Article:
The Digital Steppingstones to a Post-Lockdown Era for Retailers

By Michael Elliott, CEO of Over-C

Customers are, slowly, beginning to return to our high streets and shopping centres. Whilst this is obviously good news for the sector, an increase in visitors also comes with an increased risk of COVID transmission. So how do retailers ensure that their stores continue to welcome shoppers back through their doors whilst also keeping both them and members of staff safe?

Part of the answer lies in digital technology, which, after years of helping to make retail more efficient by optimising everything from work orders to energy consumption, is now paving the way for a safer shopping experience post-lockdown:

Keeping Customers Safe

At its most basic, digital technology will help retailers navigate through government guidelines by monitoring metrics such as queue length and footfall. Instead of having a member of staff manually counting the number of people coming in and out of a store, sensors can be used to monitor incoming and outgoing customers in real time to ensure that crowds are kept to a minimum and social distancing measures are easy to implement.

Hygiene regimes will also be stepped up in the ‘new normal’, in an effort to both combat the virus, but also to reassure the public that they are in a safe environment. Digitalisation ensures that, through a system known as flagging, managers can monitor in real-time the cleanliness of, for example, toilets and other communal areas. They will also be able to see how often those facilities have been cleaned and, through footfall monitoring, how often they should be cleaned based on how many are using them. Ensuring a clean appearance is vital to improving customer satisfaction, as well as keeping customers safe, in the immediate post-lockdown period and beyond.

Protecting Frontline Staff

From a backroom perspective, mobile frontline management technology can also be used to ensure employees are kept safe from the virus. Apps on handheld devices can ask employees to fill out self-declaration forms on potential COVID symptoms, allowing for real-time insight into which members of staff may be displaying signs of the virus. Mobile solutions like this can be complemented with temperature checks at using infrared technology to log if an employee develops a fever, a classic COVID symptom.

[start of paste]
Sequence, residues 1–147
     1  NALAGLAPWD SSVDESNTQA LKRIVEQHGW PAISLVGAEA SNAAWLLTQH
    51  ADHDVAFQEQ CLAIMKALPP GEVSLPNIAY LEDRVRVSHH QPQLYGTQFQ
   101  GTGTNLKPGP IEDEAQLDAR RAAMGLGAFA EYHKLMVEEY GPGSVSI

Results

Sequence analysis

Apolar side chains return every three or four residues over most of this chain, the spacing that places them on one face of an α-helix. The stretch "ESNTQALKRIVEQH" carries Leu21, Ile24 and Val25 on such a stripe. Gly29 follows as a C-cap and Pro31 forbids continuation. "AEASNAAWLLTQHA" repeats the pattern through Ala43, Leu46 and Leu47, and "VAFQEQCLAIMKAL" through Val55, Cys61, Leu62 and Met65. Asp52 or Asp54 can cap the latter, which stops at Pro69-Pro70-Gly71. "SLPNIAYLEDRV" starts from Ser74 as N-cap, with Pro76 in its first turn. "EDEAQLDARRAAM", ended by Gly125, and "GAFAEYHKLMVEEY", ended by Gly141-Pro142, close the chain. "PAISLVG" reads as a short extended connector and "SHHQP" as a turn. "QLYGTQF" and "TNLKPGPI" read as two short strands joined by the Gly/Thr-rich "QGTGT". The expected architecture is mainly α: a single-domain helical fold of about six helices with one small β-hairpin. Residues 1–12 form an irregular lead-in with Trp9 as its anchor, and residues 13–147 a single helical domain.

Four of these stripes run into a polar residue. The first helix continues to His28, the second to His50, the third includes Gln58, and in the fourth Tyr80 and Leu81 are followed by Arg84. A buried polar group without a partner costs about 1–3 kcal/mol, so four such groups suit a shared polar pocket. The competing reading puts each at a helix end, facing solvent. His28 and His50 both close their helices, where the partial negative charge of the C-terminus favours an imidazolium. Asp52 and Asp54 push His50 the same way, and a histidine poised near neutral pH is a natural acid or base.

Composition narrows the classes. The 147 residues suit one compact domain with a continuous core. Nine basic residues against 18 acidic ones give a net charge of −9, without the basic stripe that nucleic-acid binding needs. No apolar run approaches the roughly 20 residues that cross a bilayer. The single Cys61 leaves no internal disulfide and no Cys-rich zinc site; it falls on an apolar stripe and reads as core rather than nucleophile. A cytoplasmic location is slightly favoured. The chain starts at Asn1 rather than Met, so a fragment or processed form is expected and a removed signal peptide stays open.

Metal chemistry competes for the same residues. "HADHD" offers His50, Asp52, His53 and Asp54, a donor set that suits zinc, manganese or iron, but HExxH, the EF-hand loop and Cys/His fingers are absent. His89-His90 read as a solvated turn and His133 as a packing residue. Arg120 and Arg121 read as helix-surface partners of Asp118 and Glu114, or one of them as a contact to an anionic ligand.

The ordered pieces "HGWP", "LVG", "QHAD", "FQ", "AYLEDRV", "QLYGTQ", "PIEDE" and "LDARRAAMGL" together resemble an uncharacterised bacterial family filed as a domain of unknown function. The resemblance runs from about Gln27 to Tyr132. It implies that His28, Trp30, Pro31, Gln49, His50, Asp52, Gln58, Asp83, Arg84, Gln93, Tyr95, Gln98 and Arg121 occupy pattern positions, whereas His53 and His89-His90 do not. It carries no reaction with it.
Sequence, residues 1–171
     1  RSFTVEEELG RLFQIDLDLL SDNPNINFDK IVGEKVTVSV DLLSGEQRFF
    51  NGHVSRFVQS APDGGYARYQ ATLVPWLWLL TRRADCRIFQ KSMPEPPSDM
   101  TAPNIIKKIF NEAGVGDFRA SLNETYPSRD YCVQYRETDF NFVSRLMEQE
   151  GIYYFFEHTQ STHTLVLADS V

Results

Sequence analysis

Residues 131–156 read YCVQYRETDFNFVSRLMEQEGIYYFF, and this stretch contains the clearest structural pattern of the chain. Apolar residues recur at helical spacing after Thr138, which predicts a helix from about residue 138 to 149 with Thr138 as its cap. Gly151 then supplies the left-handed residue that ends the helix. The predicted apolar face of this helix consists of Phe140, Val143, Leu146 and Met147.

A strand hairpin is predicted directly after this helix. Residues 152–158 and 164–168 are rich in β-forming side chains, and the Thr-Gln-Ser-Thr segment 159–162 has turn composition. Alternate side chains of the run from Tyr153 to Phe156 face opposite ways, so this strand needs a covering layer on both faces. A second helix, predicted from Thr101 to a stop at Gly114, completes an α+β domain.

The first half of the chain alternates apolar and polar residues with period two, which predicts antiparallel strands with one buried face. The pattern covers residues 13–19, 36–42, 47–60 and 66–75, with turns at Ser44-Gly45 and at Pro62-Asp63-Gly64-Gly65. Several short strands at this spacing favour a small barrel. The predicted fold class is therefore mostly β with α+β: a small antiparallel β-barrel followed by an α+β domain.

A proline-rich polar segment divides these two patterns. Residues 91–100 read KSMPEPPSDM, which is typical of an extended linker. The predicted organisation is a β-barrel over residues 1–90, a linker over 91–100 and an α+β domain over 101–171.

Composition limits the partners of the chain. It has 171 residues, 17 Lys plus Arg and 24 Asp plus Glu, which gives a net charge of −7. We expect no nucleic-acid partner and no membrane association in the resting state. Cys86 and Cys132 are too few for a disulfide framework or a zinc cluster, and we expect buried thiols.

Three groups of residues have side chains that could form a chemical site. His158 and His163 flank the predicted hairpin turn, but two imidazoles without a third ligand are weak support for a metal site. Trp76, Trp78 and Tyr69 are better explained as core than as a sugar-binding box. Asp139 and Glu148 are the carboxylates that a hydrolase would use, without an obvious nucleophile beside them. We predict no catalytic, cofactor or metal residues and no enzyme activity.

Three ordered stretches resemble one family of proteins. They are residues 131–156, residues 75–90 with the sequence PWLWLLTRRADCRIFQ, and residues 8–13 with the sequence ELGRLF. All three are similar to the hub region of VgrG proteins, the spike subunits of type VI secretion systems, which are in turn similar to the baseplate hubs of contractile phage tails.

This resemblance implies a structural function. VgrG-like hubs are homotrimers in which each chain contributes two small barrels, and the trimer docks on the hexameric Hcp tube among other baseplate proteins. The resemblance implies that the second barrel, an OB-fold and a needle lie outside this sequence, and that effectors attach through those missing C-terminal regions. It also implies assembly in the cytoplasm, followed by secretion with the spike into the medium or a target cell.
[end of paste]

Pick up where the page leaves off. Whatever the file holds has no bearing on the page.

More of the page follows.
Tracking symptoms is important, but containing potential outbreaks is crucial if retailers want to protect staff and customers. IoT technology can help with that, too. By deploying RFID technology (a fancy name for Bluetooth), managers can track which members of staff are working and accessing certain areas. This technology allows for insight into who has worked where and who has come into contact with whom. This “track and trace” approach means that if a member of staff does display COVID symptoms, store managers will be able to easily recall accurate data on who they came into contact with and ask that they go into isolation and take a test.

Allowing for localised contact tracing will keep staff safe and, if an employee does come down with symptoms, avoid a wider staff outbreak.

Retailers are set to get busier in the coming months as we begin to return to normal and enter the busy Christmas shopping period. This is undeniably a good thing for the sector, but without proper preparation shops could be putting their customers, as well as their frontline staff, at risk. Digitalisation offers retailers an effective and rapidly deployable steppingstone to COVID security as we enter the new normal.

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